[MS., Samuel Adams Papers, Lenox Library.]

PHILADELPHIA Decr 9 1776

MY DEAR BETSY

My last by Mr Pliarne I hope you will have receivd before this reaches you. I am still in good Health and Spirits, although the Enemy is within Forty Miles of this City. I do not regret the Part I have taken in a cause so just and interresting to Mankind. I must confess it chagrins me greatly to find it so illy supported by the People of Pennsylvania and the Jerseys. They seem to me to be determind to give it up—but I trust that my dear New England will maintain it at the Expence of every thing dear to them in this Life—-they know how to prize their Liberties. May Heaven bless them! It is not yet determind to what place to adjourn the Congress, if it should be necessary to move. Wherever I may be, I shall write to you by every Opportunity. Mr Brown who carries this Letter will give you a particular Account of the Circumstances of things here—to him I refer you. Pray remember me to my Daughter, Sister Polly, the rest of my Family & Friends. I hope the Life of our valueable Friend Mrs March will yet be spared. She is indeed a good Woman. Tell my worthy Neighbor Mr Preston, that I rejoyce to hear of his honorable Appointment. I hope & believe he will use his office well. I wish to have a Letter from you. You cannot imagine how highly I prize such a Favor. My daily Prayer is for your Safety, & Happiness in this Life & a better. Adieu, my dear. You cannot doubt the sincere & most cordial Affection of,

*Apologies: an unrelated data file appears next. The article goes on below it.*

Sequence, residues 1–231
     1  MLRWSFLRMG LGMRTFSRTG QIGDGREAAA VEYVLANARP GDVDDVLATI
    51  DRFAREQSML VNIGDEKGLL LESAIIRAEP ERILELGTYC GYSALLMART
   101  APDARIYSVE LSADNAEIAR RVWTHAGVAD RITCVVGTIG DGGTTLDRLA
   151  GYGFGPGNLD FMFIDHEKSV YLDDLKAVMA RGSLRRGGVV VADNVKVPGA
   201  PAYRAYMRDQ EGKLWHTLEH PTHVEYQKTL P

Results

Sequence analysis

Your,

Decr 11

Since writing the above I have receivd your Letter of the 9th of Novr, for which I am much obligd to you. If this City should be SURRENDERD, I should by no means despair of our Cause. It is a righteous Cause and I am fully perswaded righteous Heaven will succeed it. Congress will adjourn to Baltimore in Maryland, about 120 Miles from this place, when Necessity requires it and not before. It is agreed to appoint a Day of Prayer, & a Come will bring in a Resolution for that purpose this day. I wish we were a more religious People. That Heaven may bless you here & hereafter is the most ardent Prayer of, my dear, most cordially,

Your,



TO GEORGE WASHINGTON.

[MS., Samuel Adams Papers, Lenox Library.]

PHILADELPHIA Decr 12 1776

SIR

We are this moment informd by a Gentleman who is Brother of Coll Griffin, and has lately been at New York, that a Body of ten thousand of the Enemies Troops had actually arrivd at Rhode Island. As Congress is now adjournd to Baltimore in Maryland, and the President and the Board of War are not in Town, we think it our Duty to send you this Intelligence; and as there is no General Officer in that Department, we refer it to your Consideration whether the Service does not absolutely require that one be immediately sent to take the Command of Troops that may be raisd there to repel the Progress of the Enemy.